Like it or not, wireless LANs based on IEEE 802.11 are worming their way into enterprise networks. Road warriors are taking advantage of wireless "hot spots" at airports and hotels. Teleworkers are dropping wireless gateways behind DSL and cable modems at home. Once employees get hooked on the convenience of high-speed wireless, they become advocates for WLAN access back at the office.
Corporate policies that prohibit WLAN access are shortsighted. WLANs can increase business efficiency by overcoming IT barriers. Access points can be dropped into hard-to-wire locations, providing instant, flexible network connectivity. Anecdotal evidence and research surveys like this one conducted by Cisco demonstrate that authorized WLANs can be productive. The trick is to avoid unauthorized, unsecured WLANs.
What you can do
Start with a company policy that defines appropriate use of 802.11 wireless and provides guidance on secure deployment. For tips on how to secure WLANs, peruse the linked articles and FAQs compiled by SearchSecurity, The Internet Security Conference, Bernard Aboba and Chris Klaus. Listen to my SearchNetworking Webcasts on WLAN security tips and Using VPNs to secure WLANs. Read Hack proofing your wireless network, published by Syngress Media.
No matter how carefully crafted your security policy, testing your WLAN implementation is essential. Here are some tools that can assist in this endeavor.Site survey tools
Conduct a rudimentary search for open APs by wandering around with a laptop running WinXP or a promiscuous utility like the one included with Agere ORiNOCO cards. Or, try a shareware sniffer like NetStumbler, used by "war drivers" Peter Shipley and Craig Ellison. Commercial handheld analyzers like YellowJacket and AirMagnet can generate alarms when new APs are detected. Survey frequently, and don't forget to look for outsiders with RF footprints that stray into your territory. Wireless LAN analyzers
AirMagnet, WildPackets' AiroPeek and NAI SnifferWireless do more than discover APs. They analyze WLAN traffic, filtering packets against configurable alerts and thresholds. Use them to spot unexpected applications, APs using defaults or weak keys, excessive authentication failures and DHCP from unknown MAC addresses. Analyze trends to isolate traffic bursts from odd sources at odd times. Use signal strength gauges in AirMagnet to nail down the physical location of a suspected offender. Commercial sniffers pay for themselves over time with automated analysis and better reporting, but if you have a limited budget, consider open source Ethereal. Wireless vulnerability assessment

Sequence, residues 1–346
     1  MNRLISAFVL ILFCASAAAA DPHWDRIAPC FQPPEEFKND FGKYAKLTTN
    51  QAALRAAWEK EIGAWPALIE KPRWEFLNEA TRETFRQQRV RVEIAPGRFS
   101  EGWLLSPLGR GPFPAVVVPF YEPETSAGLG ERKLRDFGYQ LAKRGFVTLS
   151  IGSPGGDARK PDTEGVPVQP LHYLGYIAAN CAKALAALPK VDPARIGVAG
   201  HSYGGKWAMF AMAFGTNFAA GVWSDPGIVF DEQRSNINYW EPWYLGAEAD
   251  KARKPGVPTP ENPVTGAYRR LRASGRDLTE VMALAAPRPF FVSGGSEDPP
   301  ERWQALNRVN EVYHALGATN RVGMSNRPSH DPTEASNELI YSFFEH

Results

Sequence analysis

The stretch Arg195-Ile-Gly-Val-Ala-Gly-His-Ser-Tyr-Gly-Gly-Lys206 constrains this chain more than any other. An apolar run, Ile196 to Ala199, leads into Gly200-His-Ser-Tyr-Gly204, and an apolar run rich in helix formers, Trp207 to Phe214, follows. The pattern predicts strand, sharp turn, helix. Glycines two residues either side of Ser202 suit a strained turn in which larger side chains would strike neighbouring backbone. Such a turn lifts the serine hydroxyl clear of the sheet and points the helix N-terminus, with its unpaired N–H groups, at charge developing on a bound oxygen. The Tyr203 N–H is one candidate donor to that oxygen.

Penetration testers range from shareware like Nmap and Dsniff to commercial products like ISS Wireless Scanner. Scanners mimic attacks to isolate holes in your defense. Like analyzers, wireless scanners spot APs with default SSIDs and disabled WEP. They can also find open ports, default passwords and DHCP addresses handed to would-be intruders. Dsniff can assess vulnerability to MAC address, ARP and DNS spoofs -- attacks that occur on Ethernets but are easier on WLANs. Ideally, assessment should be performed from the wired and wireless side, before and after WLAN deployment, repeated regularly. Wireless intrusion detection
Wired network IDS products like Cisco IDS, Enterasys Dragon IDS, ISS RealSecure and open source Snort can be placed adjacent to APs to detect attacks originating from WLANs. One new product, AirDefense, claims to detect session hijacking, spoofing, identity theft and DoS attacks before those packets ever reach the wired network. IDS provide continuous, real-time monitoring, using automated analysis to ignore "false positives" and isolate real attacks. Doing so is still a challenge in wired networks, so don't expect IDS perfection in WLANs just yet.
Continuous improvementAn INT Media Research survey asked WLAN users to identify security "anomalies" experienced by their company during the past year. About 17% of those surveyed reported at least one incident of involving rogue APs or wireless stations associating with the wrong AP. A similar percentage reported war driving or active intrusions on their WLAN. Successful AP, station or wired network break-in had each occurred in about 3-4% of the companies surveyed.
These events were no surprise, but I was disappointed to find that less than a third of these organizations actually modified WLAN security as a result of the breach. Every security incident -- whether induced by self-testing, a third-party audit, or an actual attacker -- should be a lesson learned. Combining a solid security policy with continuous improvement can help you make the best of this promising new WLAN technology.
This was first published in July 2002